Houston made two big moves in free agency to shore up its secondary, so there might be more long sacks as part of its total. Tennessee added depth to the defensive backfield but also lost two of its fastest rushers (Babin left as a free agent, Jacob Ford was released) while altering its scheme. Derrick Morgan and Jason Jones can be excellent rush ends, but quick sacks will likely go down.

RTC: Reviewing the division's cuts

September, 4, 2011
9/04/11
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Reading the coverage…

Houston Texans

Their best back in the preseason and a fifth-round pick were among the Texans' cuts, says John McClain.

The Texans are heavy at defensive back, light on the offensive line, says Alan Burge.

Indianapolis Colts

The shared experience of Chad Span and Darren Evans continues, says Mike Chappell.

Phillip B. Wilson on Colts’ survivors.

Assessing the 53, with Brett Mock.

Another 53 breakdown, with Jake Sanders.

Jacksonville Jaguars

The Jaguars lost Rashad Jennings for the year and traded for Dwight Lowery, says Tania Ganguli.

The defense will determine the Jaguars fate, says Gene Frenette.

The Times-Union went hard with a “Little Engine That Could” theme on its season preview. Here’s the lead story from Ganguli.

Tennessee Titans

The cuts included three guys who’d been around for a while: Justin Gage, Vincent Fuller and Jacob Ford, says John Glennon.

The suspended Ahmard Hall says he never took steroids and thinks he’s built up enough of a relationship with fans that they should believe him, writes Glennon.

I missed this breakdown of Chris Johnson’s contract from Andrew Brandt.
A running list of Saturday cuts around the AFC South so far, per reports from people in the know…

Houston
Indianapolis
Jacksonville
Tennessee
Reading the coverage ...

Will lower rookie salaries invite a competing league? An interesting angle I had not considered from Scott Bolander.

Houston Texans

Wade Phillips looks to build on his track record for quick turnarounds, says Craig Malveaux.

Brad Maynard is the new punter, Ty Warren is getting a look, Lawrence Vickers is in play and Brian Cushing is almost back from January knee surgery, says John McClain.

It’s odd seeing so many quality players on the sideline for practice at this point, says McClain.

Given DeMeco Ryans' situation, Stephanie Stradley considers how guys come back from Achilles injuries.

Andre Johnson put the sell on Johnathan Joseph at Fred Bennett’s wedding.

Indianapolis Colts

The Colts' offensive line is something to worry about, says Bob Kravitz.

Curtis Painter is the No. 1 quarterback while Peyton Manning is out, writes Mike Chappell.

Reggie Wayne said he would not be in camp if his contract was an issue, writes Chappell.

Chappell’s reserving judgment on Jamaal Anderson.

Blair White is on the PUP list and we don’t know the injury, says Tom James.

With Charlie Johnson gone, the Colts have to sign a veteran tackle, says Stampede Blue.

Jacksonville Jaguars

So far Blaine Gabbert looks the part of a franchise quarterback, says Gene Frenette.

The defense is being paid handsomely, says Vito Stellino.

Marcedes Lewis isn’t looking for Antonio Gates money, says Tania Ganguli.

Aaron Kampman says free-agent acclimation varies player to player, writes John Oehser.

Keep defensive expectations reasonable, urges Shane Clemons.

Tennessee Titans

Will Barrett Ruud be an upgrade over Stephen Tulloch? John Glennon considers.

The Titans re-signed a significant trio in Ahmard Hall, Dave Ball and Jacob Ford, says Jim Wyatt.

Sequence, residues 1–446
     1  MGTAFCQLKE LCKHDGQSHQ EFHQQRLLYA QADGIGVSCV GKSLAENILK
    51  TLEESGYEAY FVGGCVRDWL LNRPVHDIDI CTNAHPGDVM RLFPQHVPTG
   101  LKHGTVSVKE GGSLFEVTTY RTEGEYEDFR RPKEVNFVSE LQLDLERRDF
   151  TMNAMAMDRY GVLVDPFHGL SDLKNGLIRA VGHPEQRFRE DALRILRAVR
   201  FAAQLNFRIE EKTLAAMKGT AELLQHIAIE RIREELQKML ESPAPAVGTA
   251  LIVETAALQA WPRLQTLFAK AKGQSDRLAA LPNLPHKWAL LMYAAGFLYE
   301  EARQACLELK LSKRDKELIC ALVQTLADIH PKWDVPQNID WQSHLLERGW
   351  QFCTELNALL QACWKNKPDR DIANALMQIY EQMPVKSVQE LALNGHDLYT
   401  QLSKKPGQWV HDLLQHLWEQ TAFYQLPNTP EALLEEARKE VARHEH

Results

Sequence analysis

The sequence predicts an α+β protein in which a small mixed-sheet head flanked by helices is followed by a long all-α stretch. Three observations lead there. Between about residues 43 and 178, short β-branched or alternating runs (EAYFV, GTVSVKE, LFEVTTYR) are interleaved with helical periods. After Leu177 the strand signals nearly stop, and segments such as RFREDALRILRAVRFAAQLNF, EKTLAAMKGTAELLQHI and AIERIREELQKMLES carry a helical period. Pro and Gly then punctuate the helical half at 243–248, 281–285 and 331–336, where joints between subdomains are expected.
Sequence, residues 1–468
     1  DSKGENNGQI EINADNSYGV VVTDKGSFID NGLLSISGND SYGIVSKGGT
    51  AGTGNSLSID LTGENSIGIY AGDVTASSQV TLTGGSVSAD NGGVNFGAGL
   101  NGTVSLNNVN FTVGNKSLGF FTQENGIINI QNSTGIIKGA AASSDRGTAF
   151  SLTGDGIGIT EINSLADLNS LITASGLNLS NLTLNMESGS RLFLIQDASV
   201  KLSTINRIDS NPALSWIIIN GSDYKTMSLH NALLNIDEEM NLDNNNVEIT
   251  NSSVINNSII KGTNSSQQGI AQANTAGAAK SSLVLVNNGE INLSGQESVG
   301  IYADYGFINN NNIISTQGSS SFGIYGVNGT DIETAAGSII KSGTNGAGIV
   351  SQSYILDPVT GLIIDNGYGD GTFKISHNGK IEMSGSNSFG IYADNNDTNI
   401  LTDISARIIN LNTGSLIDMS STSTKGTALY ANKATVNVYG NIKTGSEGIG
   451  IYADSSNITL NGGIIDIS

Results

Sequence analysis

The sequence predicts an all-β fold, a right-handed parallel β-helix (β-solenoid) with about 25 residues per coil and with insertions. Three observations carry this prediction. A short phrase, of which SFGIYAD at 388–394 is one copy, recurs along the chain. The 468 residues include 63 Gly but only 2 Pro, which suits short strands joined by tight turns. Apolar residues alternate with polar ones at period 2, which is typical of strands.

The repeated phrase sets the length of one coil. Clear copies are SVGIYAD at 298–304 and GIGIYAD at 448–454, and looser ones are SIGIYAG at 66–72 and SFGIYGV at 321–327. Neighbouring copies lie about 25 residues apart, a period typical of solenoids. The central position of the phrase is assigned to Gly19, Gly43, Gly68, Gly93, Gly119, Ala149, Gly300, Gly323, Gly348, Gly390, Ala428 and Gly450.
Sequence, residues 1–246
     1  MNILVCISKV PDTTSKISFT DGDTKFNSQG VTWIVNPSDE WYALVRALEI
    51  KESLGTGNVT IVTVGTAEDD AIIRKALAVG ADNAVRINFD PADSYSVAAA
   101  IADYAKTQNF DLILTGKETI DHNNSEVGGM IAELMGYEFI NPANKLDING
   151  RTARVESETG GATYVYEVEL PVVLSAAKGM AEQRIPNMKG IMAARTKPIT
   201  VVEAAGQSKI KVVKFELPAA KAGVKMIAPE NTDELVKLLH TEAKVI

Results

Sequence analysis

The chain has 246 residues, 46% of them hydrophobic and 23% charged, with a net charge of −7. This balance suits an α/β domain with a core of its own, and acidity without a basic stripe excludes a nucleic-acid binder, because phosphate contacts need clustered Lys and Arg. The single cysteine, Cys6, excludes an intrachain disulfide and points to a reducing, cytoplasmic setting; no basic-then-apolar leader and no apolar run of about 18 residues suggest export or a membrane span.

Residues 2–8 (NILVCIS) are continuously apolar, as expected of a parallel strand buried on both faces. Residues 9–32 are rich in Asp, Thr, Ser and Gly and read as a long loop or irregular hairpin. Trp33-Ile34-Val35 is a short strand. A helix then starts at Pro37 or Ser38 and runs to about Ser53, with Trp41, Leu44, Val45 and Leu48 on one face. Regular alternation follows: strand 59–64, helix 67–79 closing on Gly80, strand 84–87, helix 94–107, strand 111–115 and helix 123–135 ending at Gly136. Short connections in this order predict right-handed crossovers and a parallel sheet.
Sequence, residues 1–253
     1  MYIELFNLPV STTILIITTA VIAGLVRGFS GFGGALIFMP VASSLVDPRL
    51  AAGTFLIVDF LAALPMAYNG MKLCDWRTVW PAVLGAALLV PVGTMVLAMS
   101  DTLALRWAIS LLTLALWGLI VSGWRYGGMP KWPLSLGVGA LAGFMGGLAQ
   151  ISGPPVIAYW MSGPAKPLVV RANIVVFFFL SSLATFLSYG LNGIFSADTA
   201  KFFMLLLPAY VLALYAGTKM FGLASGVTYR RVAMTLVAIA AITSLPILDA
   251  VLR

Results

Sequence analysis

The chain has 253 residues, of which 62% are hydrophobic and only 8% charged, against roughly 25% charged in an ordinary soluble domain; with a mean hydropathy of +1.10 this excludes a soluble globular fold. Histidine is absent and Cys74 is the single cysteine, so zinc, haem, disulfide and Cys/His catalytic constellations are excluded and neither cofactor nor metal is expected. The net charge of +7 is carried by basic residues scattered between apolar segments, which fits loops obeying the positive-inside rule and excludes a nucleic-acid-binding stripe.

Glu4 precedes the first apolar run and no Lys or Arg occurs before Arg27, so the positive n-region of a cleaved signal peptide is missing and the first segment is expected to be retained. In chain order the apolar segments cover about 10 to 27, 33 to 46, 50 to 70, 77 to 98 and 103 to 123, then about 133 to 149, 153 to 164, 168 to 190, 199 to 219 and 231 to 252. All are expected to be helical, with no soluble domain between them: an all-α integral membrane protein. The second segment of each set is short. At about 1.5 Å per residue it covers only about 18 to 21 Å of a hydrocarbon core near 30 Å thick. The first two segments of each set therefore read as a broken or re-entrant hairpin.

Kenny Britt is still out, says Wyatt.

Matt Hasselbeck learned early from Brett Favre. David Boclair asks if Hasselbeck can now do the same for Jake Locker.
NFC: East | West | North | South AFC: East | West | North | South Unrestricted FAs

A look at the free-agent priorities for each AFC South team:

Houston Texans

1. Finally fix the secondary: Not only was the Texans’ secondary awful in coverage last season, but it also needs some stabilizing veteran leadership on the back end of this revamped defense. A safety like Eric Weddle could help cure both issues. There are quite a few safeties in this crop of free agents who would be clear upgrades for Houston. Of course, we have to discuss Nnamdi Asomugha -- and the Texans should certainly be right in the thick of those negotiations. If they can’t land Asomugha, the Texans could pursue Johnathan Joseph or Ike Taylor, who could help fix some leaks.

2. Work the cap: Houston is pretty tight up against the cap as it stands right now. But the team has serious needs on defense -- particularly in the secondary. In order to get the help they need, the Texans might have to restructure a few contracts or let a current player or two go.

3. Lock up Vonta Leach: This offense pretty much has it all. Wideout Andre Johnson makes everyone around him better in just so many ways. And the running game was exceptional last season. But Leach is a key component in that running game. And no fullback opens holes like this guy. Houston should bring him back and dedicate the rest of its free-agent moves to the defense.

Top five free agents: Leach, WR Jacoby Jones, S Bernard Pollard, DE Mark Anderson and QB Matt Leinart.

Indianapolis Colts

1. Get Peyton Manning’s extension done: Manning has been franchised and had surgery again on his neck recently. But there is little doubt who the face of this franchise is. Getting him locked up long term is something that Indianapolis just needs to get done.

2. Get a starting safety signed: Melvin Bullitt is a free agent. He is a solid player, and bringing him back makes a lot of sense. Outside of Antoine Bethea, who is vastly underrated, Indy has very little at this position. The Colts need to get a starter under contract. Also on defense, bringing back linebacker Clint Session, who is a superb fit in this scheme, and adding defensive tackle help also should be priorities if they can fit it under the cap.